Abortion, Rape and Domestic Violence in the HBO Drama “Big Little Lies”

I am on my way to the Annual Training in Lacanian Psychoanalysis in Quebec City, Canada, lead by the teaching analysts at the Freudian School of Quebec. I have a copy of “Big Little Lies” in my carry-on and my memories from watching the HBO Series last summer. The topics of the feminine, the masculine, women and motherhood have been recurring issues that the School has examined, along with the main topics discussed such as “Transference and Symptom” for this year’s Clinical Case Seminar. This gives you context for my frame of mind when we talk about “Big Little Lies,” abortion and domestic violence.

Abortion has been a central issue in the media in the United States in the past few weeks. More specifically, banning it in some states, regardless of circumstances such as rape or incest. The question of pro life or pro abortion is a very interesting cultural phenomenon and people are highly polarized on the issue. My goal here is not to convince you to think one way or another because my guess is, you already have a firm opinion on the topic. Instead, in this blog post, I am going to explore the topic of a child being born to rape as well as the issue of control over women and their bodies in cases of domestic violence and rape as depicted in the HBO TV Series “Big Little Lies.” As always, I am going to look at these questions from a psychoanalytic point of view (as much as we can do this without an actual patient on the couch) and offer you a way of thinking about how society and culture attempt to control something within us that is uncontrollable.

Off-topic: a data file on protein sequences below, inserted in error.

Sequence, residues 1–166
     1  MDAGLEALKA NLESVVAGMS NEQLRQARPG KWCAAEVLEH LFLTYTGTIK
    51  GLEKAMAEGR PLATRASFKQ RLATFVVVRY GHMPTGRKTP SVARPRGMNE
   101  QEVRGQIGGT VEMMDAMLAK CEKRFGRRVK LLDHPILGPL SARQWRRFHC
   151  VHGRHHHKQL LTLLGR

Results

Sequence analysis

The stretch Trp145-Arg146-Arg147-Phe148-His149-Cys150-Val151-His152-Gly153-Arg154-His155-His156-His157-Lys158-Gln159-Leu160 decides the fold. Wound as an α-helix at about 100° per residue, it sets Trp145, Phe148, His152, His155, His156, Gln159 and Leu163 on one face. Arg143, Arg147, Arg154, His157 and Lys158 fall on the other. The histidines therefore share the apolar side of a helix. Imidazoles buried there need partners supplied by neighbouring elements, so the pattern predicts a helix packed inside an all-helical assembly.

From a psychoanalytic perspective, the idea that An Other can say what a woman can or cannot do with her body is related to other issues such as sexuality, motherhood, the feminine and the sexual montage in a particular culture. In “Big Little Lies” we are confronted with the stories of three women, who struggle with the constraints of the cultural expectations and subjugation of women. Each woman in her own right is faced with the question of “What does it mean to be a woman and a mother?”